Hello, My Name Is Diondra

Hello, My Name Is Diondra

This chapter is about a girl named Diondra that has recognized that she has one of the greatest gifts in the world: The gift of writing.


Coming-of-age / Young adult fiction


Yall Hate (United States)

Hello. My name is Diondra and I have a gift. Several gifts actually. I have a gift in writing, a gift that god has chosen for me. He blessed me with words that flow like the ancient sea. He blessed me with the fire and strenghth inside of me that sends my mind, arm, and hand into overdrive. A magical gift that not that many people have the wisdom to discover. It's almost as like having two diffrent voices because no one says the same thing that they will write on paper outloud. And with this amazing gift that i was cursed with, I will survive. Because now you see that this gift of mines has given me life. Life that my dear warriors had on the battlefield. My battlefield is paper and i am the warrior. With this amazing gift, oh my, i will do much more. Turn it into a career maybe. Not many people have this gift. Therefore, i am special. Hello, My name is Diondra and i have a gift. A glorious gift,that god has chosen for me.

Competition: June 2015 Pen Factor, Round 1


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Review 1:

Compelling hook?


Strong characters?


  • Make sure your characters are multidimensional. Do they have strengths and weaknesses? Mere mortals make the most interesting stories because they are like you and me and we are able to empathize with their journey. That’s how the connection with a character is formed.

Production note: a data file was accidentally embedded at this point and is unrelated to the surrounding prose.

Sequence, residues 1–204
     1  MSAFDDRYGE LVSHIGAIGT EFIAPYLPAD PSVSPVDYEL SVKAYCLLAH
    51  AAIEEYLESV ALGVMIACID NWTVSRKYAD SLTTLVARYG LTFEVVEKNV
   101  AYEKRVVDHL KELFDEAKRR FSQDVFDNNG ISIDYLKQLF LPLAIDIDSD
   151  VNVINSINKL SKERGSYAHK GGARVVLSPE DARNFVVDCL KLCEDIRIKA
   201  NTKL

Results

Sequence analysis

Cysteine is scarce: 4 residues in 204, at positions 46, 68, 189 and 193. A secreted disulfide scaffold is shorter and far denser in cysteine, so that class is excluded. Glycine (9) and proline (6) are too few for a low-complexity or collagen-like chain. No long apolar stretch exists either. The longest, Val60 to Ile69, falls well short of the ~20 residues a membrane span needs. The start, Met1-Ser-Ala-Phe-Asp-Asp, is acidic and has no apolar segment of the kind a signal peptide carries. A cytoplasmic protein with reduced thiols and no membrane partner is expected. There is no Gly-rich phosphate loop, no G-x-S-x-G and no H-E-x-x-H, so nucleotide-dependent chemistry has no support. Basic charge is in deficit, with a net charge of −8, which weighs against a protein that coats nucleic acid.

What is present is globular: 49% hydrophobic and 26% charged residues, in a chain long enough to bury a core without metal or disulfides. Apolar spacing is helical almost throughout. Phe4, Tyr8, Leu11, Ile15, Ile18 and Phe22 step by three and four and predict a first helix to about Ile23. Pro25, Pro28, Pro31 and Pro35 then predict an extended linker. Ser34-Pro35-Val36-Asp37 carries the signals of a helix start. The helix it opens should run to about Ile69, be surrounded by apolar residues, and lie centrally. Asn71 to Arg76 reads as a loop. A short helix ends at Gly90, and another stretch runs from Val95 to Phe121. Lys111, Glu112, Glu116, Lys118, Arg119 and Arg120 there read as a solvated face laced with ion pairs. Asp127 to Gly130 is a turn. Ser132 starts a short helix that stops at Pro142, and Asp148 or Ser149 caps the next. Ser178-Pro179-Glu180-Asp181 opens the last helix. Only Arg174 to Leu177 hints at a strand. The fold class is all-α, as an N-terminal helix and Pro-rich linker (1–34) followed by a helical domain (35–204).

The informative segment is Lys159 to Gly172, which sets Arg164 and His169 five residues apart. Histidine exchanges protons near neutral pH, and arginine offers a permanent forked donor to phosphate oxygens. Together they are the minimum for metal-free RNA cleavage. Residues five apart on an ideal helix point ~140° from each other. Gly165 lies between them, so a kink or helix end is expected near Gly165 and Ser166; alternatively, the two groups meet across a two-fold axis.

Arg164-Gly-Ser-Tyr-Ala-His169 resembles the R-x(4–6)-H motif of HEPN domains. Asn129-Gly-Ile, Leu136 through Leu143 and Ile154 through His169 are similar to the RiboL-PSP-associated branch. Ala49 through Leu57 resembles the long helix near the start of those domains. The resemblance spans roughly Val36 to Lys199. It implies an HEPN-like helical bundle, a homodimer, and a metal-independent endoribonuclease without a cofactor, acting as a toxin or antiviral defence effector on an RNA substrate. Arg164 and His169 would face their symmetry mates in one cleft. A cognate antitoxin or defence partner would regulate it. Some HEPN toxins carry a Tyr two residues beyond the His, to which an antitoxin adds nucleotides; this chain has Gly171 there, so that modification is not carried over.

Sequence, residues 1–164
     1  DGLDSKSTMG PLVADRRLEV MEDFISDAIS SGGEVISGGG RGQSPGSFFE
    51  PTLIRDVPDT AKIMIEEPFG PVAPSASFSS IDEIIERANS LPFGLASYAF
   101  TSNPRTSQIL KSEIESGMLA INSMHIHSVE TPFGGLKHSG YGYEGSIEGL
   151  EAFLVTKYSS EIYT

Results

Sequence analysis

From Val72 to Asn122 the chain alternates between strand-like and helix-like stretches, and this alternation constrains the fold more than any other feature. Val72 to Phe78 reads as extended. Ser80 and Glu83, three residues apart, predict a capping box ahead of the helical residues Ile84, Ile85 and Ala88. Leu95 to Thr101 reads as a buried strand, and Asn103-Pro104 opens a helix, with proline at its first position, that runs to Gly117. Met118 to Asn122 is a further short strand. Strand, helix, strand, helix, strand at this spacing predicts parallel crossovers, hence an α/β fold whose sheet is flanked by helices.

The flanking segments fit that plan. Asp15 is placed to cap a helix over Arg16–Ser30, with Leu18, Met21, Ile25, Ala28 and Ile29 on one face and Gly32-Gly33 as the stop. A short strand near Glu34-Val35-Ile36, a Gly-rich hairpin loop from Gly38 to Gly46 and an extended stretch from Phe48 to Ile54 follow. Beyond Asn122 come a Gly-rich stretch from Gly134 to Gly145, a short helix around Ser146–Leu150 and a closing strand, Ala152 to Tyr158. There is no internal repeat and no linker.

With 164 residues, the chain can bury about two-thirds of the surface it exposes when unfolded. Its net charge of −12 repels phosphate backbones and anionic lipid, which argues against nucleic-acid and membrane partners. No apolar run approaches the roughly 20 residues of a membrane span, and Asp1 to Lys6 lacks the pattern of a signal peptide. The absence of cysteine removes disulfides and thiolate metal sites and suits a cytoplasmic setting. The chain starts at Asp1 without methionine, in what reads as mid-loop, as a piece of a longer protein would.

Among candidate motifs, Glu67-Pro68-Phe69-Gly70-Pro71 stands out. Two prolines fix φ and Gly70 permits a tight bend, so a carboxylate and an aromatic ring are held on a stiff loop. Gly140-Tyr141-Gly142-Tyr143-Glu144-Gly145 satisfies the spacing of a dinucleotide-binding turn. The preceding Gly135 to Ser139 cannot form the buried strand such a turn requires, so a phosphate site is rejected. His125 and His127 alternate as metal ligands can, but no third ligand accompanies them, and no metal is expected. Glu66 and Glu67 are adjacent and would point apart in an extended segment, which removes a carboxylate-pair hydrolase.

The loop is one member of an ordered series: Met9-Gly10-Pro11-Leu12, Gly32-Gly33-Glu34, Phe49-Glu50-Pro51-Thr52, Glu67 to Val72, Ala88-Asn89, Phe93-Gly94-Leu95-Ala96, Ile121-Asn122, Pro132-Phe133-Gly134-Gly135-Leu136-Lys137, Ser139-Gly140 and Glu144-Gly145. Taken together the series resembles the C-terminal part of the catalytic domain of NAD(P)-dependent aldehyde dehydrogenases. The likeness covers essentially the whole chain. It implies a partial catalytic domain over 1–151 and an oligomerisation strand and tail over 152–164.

Character conflict
  • The reader’s experience of the story is heightened when the characters’ goals, conflicts and purpose are clear. Perhaps giving this aspect of the story further attention could be worthwhile.
Plot and pace
  • Maintaining the right pace and sustaining the reader’s interest is a difficult balancing act. Are you sure all the material is relevant to the plot, setting and atmosphere? Make sure each sentence makes sense to the reader, and each paragraph moves their experience forward.
Point of view
  • Point of view helps the reader identify whose perspective we are engaging with, i.e. who is narrating the story. It can sometimes be helpful to double check that the point of view in the story is successfully handled. Ensure you consistently use the same point of view and tense throughout, either: a) First person; b) Third-person limited; or c) Third-person omniscient.
Authentic and vivid setting
  • The scene needs to be vivid and realistic in order to hold the reader’s attention. Being concise and plausible at the same time is tricky. Giving this further attention could perhaps be worthwhile.